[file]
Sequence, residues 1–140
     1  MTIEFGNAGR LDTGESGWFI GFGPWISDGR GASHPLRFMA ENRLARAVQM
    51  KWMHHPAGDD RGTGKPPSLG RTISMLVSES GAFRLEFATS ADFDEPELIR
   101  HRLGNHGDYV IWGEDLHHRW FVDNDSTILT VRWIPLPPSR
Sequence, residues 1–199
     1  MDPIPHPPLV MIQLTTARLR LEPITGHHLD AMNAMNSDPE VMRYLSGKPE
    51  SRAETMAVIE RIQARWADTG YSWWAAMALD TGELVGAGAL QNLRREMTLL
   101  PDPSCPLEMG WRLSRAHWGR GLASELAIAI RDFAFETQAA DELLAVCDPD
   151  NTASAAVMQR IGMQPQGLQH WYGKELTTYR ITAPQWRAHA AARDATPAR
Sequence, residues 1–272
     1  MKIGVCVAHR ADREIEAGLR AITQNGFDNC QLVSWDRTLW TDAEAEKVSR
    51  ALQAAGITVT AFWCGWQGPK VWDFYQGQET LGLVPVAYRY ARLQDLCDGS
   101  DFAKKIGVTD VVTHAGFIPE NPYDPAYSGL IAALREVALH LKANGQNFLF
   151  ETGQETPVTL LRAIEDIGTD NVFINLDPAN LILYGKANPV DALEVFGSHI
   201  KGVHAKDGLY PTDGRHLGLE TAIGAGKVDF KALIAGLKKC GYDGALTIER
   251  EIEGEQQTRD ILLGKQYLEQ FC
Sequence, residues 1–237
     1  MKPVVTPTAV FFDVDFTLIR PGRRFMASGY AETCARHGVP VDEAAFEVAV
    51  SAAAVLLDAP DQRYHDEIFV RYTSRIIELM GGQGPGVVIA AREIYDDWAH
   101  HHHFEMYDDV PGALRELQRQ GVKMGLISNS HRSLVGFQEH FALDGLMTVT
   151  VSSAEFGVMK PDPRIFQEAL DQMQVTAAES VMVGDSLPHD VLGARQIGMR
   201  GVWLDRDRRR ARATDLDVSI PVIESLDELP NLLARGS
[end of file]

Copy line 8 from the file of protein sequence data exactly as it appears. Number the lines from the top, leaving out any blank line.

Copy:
   101  PDPSCPLEMG WRLSRAHWGR GLASELAIAI RDFAFETQAA DELLAVCDPD